12 - When your writing gets stalled, where do you turn or return for (for lack of a better word) inspiration?

Books, film, travel (when available), visits to desi neighbourhoods, family.

13 - What fragrance reminds you of home?

Jasmine, thai basil and the salt scent of the Arabian Gulf at night.

14 - David W. McFadden once said that books come from books, but are there any other forms that influence your work, whether nature, music, science or visual art?

All of the above, but definitely nature, science and music. It’s been decades since I saw it, but the Indian Ocean fires every one of my neurons.

15 - What other writers or writings are important for your work, or simply your life outside of your work?

So many. When I was younger, I was so influenced by the humour and absurd possibility in Terry Pratchett and Neil Gaiman’s works. More recently, my jaw was reset by Akwaeke Emezi’s Dear Senthuran. Ocean Vuong’s On Earth We Are Briefly Gorgeous took my breath away and reminded me, as did Noor Naga’s If an Egyptian Cannot Speak English, that it is not impossible to write a poetic novel beautifully and with solid, coherent, narrative architecture, and that this ultimately is what I want to achieve next.

16 - What would you like to do that you haven't yet done?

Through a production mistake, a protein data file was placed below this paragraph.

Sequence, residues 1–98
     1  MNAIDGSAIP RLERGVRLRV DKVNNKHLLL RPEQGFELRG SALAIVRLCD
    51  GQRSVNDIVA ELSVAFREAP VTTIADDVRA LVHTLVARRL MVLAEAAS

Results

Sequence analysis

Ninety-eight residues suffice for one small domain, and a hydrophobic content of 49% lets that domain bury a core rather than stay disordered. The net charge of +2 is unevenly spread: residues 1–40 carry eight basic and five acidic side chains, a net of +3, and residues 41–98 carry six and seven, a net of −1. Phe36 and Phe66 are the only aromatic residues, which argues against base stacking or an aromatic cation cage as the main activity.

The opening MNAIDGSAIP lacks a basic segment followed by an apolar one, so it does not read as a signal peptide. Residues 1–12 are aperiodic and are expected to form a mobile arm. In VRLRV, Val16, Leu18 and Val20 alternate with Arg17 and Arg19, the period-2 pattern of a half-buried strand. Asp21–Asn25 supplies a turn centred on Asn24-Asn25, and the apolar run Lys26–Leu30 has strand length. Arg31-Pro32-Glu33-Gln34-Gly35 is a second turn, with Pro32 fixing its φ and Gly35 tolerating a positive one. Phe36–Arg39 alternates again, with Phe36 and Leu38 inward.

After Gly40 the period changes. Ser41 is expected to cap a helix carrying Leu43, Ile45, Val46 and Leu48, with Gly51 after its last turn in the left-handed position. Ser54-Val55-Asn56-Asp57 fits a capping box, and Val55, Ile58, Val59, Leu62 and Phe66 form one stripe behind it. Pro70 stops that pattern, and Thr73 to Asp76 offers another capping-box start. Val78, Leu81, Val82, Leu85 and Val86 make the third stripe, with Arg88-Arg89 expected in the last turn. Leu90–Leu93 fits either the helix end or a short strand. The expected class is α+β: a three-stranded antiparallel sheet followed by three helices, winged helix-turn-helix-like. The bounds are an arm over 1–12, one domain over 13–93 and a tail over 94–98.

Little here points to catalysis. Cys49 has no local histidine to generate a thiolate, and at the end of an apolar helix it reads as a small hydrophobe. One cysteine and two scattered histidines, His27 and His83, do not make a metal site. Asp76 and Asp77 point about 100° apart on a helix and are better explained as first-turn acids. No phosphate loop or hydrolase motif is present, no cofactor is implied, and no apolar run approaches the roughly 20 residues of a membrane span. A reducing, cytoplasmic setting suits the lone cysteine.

See above. I’m working to achieve this with my novel-in-progress, Bitumen, but I have a long way to go.

17 - If you could pick any other occupation to attempt, what would it be? Or, alternately, what do you think you would have ended up doing had you not been a writer?

I pay the bills with communications but I think it would have been deeply rewarding to be a zoologist or a meteorologist, had I had more of a scientific brain.

18 - What made you write, as opposed to doing something else?

The feeling of being chronically, constantly, eternally silenced, and the irrepressible need to give voice to the unspoken, the grotesque, the beautiful, the ludicrous, the possible.

19 - What was the last great book you read? What was the last great film?

Book: Noor Naga’s If an Egyptian Cannot Speak English. Film: Desi Standard Time Travel, an incredibly sweet, funny and poignant short by Kashif Pasta. I hope they both get turned into feature films.

20 - What are you currently working on?

I’m working on my first novel, which germinated twenty years ago in a very different world and a very different moment in my life. I’ve been trying to work out who it is now, and what it needs to say.

I’m also contemplating a book of essays, comprised of some of the work I’ve already published, alongside newer work. Thinking through narrative threads and considering publication options.

12 or 20 (second series) questions;